- The cyanobacteria, commonly called blue-green algae, contained 0.18 parts per billion of the toxin cylindrospermopsin on May 23
- At high concentrations — in the 15 parts per billion range —the toxin can cause an upset stomach, vomiting, diarrhea and liver and kidney damage
- The public is urged to avoid making contact with the water
People should avoid contact with northern Stick Marsh’s water because it contains potentially harmful toxic algae, state health officials warned Friday.
The cyanobacteria, commonly called blue-green algae, contained 0.18 parts per billion of the toxin cylindrospermopsin on May 23, according the latest Department of Environmental Protection data.
At high concentrations — in the 15 parts per billion range — the toxin can cause an upset stomach, vomiting, diarrhea and damage to the liver and kidneys, according to Charles Vogt, an environmental specialist at the Florida Department of Health office in Indian River County.
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Below: Here’s the area where the blue-green algae toxin was detected, according to the Florida Department of Health in Indian River County
While the traces detected at the Stick Marsh are comparatively low, Vogt urged the public to avoid physical contact with the water. The Stick Marsh, which is not used for drinking water, is popular among recreational fishers, especially those angling for bass.
“The water bodies out there are starting to warm up. It’s consistent with what we’d normally see this time of year,” Vogt told TCPalm Friday. That means algal blooms typically will flare up with increased temperatures and added rainfall.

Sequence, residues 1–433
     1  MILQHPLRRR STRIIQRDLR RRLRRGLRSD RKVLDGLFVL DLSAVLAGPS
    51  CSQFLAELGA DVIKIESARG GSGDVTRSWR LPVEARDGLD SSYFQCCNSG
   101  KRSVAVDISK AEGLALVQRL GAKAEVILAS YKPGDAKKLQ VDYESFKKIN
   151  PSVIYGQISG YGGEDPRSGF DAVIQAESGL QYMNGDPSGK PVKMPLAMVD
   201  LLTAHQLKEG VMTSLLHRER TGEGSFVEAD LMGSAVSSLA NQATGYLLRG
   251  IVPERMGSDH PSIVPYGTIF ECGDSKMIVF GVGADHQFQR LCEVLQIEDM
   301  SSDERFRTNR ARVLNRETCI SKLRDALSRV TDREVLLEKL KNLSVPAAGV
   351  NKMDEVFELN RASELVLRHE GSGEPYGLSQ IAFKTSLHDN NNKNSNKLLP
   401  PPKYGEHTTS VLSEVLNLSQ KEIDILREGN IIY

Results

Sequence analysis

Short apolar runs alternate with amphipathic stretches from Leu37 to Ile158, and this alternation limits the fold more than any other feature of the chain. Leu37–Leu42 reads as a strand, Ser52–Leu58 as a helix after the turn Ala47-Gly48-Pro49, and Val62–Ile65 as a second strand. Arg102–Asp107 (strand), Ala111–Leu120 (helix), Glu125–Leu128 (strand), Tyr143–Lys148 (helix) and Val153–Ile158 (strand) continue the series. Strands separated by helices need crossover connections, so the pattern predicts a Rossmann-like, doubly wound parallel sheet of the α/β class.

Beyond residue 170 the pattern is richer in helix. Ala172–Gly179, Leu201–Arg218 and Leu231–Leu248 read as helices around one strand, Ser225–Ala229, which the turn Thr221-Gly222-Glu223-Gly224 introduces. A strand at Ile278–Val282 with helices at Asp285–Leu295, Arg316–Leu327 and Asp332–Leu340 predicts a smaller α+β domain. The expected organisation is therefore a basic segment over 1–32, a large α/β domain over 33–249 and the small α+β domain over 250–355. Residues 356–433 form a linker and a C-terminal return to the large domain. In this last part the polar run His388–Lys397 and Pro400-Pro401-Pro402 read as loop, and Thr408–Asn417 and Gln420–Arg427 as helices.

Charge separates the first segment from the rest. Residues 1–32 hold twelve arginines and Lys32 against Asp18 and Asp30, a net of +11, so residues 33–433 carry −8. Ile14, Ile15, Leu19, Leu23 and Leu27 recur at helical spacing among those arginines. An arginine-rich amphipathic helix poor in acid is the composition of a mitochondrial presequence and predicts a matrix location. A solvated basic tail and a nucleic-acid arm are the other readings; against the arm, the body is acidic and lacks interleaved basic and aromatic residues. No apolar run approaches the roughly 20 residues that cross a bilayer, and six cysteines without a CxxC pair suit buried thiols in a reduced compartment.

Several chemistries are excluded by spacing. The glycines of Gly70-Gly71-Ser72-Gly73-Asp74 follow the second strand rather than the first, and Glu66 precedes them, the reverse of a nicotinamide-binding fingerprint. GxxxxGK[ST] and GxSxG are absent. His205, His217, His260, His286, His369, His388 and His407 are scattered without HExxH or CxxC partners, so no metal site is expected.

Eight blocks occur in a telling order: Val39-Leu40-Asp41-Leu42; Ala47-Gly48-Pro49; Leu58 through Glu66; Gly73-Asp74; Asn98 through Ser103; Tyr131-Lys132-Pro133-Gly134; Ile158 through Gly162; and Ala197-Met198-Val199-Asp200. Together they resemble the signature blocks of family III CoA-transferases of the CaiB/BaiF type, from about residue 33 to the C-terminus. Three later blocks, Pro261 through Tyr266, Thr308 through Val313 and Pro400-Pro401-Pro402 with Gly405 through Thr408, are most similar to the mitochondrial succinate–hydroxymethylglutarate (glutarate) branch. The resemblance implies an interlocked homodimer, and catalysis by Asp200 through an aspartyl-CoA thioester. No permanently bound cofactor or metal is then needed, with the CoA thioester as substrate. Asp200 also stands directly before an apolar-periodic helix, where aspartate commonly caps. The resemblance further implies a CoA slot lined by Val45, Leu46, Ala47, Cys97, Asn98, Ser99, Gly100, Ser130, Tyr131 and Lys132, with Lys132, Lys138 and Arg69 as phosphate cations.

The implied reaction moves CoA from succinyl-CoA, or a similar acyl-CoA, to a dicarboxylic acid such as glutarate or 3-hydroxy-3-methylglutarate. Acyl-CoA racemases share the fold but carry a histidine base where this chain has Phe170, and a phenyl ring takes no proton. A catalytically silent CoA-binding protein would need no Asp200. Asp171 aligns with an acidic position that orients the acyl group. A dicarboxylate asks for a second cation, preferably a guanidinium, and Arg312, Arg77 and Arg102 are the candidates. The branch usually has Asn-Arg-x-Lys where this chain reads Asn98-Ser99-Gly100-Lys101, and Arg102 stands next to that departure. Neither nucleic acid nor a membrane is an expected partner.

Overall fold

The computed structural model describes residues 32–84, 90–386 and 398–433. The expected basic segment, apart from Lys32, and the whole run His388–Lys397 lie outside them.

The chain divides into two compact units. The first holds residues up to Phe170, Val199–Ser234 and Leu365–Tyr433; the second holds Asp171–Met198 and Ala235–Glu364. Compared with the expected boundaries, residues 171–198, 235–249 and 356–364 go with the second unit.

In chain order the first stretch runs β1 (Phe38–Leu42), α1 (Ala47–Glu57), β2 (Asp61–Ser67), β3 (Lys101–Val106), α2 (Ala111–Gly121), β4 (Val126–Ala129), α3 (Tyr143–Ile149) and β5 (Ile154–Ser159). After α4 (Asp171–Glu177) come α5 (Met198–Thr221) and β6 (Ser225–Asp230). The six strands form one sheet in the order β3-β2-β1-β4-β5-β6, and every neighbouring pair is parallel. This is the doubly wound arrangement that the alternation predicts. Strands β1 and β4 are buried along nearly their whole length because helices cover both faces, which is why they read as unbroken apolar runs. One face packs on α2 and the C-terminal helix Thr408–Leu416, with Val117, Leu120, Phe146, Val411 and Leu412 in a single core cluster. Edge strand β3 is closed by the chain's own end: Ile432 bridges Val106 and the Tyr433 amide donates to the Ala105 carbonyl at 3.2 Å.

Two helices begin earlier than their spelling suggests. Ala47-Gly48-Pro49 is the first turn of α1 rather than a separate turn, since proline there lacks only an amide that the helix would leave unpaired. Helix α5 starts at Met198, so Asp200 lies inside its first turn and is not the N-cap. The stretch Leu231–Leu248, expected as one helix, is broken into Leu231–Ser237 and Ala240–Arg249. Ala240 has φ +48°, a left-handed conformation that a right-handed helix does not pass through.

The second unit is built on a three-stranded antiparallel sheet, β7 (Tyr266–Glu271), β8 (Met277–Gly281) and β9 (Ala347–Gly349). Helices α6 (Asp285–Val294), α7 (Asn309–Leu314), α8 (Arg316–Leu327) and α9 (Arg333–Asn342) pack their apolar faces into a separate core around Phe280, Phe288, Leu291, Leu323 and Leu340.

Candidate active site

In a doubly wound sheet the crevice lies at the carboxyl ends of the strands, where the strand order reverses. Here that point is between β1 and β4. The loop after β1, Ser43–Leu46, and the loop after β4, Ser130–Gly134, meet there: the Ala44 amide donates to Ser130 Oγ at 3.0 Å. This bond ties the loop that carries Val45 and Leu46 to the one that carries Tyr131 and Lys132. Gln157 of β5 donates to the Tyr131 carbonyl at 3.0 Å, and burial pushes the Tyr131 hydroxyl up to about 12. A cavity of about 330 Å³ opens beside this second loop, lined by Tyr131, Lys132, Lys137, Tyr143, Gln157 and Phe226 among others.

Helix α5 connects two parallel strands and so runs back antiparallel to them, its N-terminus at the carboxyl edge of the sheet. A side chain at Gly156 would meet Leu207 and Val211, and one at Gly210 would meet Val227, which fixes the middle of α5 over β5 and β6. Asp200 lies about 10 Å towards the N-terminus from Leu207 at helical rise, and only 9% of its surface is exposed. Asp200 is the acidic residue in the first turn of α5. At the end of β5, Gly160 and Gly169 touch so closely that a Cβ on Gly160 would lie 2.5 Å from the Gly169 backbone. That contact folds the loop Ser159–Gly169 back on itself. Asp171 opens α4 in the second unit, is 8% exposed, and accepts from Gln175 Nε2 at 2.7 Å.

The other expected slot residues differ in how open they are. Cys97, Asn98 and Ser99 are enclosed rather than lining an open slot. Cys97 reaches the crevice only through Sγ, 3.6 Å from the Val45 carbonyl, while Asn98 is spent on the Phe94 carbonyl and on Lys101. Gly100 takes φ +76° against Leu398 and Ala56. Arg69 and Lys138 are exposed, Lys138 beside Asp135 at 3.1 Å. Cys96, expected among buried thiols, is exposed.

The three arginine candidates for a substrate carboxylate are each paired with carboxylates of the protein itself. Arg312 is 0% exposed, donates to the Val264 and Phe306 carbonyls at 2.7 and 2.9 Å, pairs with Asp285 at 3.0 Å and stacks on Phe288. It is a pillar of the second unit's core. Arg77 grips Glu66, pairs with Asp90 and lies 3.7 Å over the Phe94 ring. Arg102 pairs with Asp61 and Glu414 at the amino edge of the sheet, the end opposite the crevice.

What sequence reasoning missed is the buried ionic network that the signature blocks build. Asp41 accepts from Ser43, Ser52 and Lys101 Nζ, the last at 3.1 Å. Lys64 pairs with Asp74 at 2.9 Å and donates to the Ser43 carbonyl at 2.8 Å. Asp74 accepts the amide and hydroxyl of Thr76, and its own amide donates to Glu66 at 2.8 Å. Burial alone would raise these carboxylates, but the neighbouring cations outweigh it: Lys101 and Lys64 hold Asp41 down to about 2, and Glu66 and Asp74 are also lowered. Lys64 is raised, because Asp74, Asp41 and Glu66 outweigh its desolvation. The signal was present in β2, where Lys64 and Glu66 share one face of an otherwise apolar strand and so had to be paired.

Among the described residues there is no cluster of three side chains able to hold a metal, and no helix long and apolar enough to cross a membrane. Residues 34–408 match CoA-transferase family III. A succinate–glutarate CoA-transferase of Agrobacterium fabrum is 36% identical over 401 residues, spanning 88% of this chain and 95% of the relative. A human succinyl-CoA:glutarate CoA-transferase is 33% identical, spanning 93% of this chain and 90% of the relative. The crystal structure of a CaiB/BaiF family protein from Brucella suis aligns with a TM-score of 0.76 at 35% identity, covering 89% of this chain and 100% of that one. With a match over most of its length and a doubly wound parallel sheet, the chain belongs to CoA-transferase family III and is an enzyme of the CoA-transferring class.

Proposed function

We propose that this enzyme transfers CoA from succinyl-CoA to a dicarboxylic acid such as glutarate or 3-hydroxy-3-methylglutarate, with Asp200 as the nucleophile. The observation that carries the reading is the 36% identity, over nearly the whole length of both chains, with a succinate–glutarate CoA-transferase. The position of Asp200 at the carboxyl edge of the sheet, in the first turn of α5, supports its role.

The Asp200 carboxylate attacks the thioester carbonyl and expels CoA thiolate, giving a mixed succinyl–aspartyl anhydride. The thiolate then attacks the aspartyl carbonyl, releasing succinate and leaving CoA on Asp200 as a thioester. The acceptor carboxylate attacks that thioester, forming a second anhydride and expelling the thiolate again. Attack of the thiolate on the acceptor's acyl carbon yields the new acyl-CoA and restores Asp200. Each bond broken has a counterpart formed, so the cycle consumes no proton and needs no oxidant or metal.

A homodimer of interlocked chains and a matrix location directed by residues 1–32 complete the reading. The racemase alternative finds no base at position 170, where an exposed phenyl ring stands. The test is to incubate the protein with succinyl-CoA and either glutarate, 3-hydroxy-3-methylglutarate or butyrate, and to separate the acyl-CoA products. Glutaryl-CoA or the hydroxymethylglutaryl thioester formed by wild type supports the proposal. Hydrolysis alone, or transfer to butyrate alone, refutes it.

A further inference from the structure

The toxins were detected near Fellsmere Grade Road, about five miles due west of the St. Sebastian River Preserve State Park.
The same toxin was detected in West Palm Beach’s drinking water supply last year. The city did not alert the public until about nine days later, according to the Palm Beach Post.
This is the third toxic algae alert for the Treasure Coast this year. The DOH office in Martin County issued a water advisory for the Port Mayaca area Jan. 3 after water monitors recorded 0.25 parts per billion of a separate algae toxin called microcystin. Another alert was issued April 4 for the same area.
DOH advises these precautions:
- Do not drink, swim, wade, use personal watercraft, water ski or boat in waters where there is a visible blue-green algae bloom.
- Wash your skin and clothes with soap and water if you have contact with algae or water that’s discolored or smelly.
- Keep pets away from the area. Water containing algae blooms are not safe for animals. Pets and livestock should have a different source of water when algae blooms are present.
- Do not cook or clean dishes with water contaminated by algae blooms. Boiling the water will not eliminate the toxins.
- Eating fillets from healthy fish caught in freshwater lakes experiencing blooms is safe, but rinse fish fillets with tap or bottled water, throw out the guts and cook the fish well.
- Do not eat shellfish in waters with algae blooms.
How to report algae blooms
DEP collects and analyzes algal bloom samples.
- Report algae sightings to DEP online or via its toll-free hotline at 855-305-3903.
- Report fish kills to the Florida Fish and Wildlife Research Institute at 800-636-0511.
- Report symptoms from exposure to an algal bloom or any aquatic toxin to the Florida Poison Information Center at 800-222-1222.
Contact your veterinarian if you believe your pet has become ill after consuming or having contact with water containing cyanobacteria (blue-green algae). If you have other health questions or concerns, call DOH-Indian River at 772-794-7440.
Max Chesnes is a TCPalm environment reporter focusing on issues facing the Indian River Lagoon, St. Lucie River and Lake Okeechobee. You can keep up with Max on Twitter @MaxChesnes, email him at [email protected] and give him a call at 772-978-2224.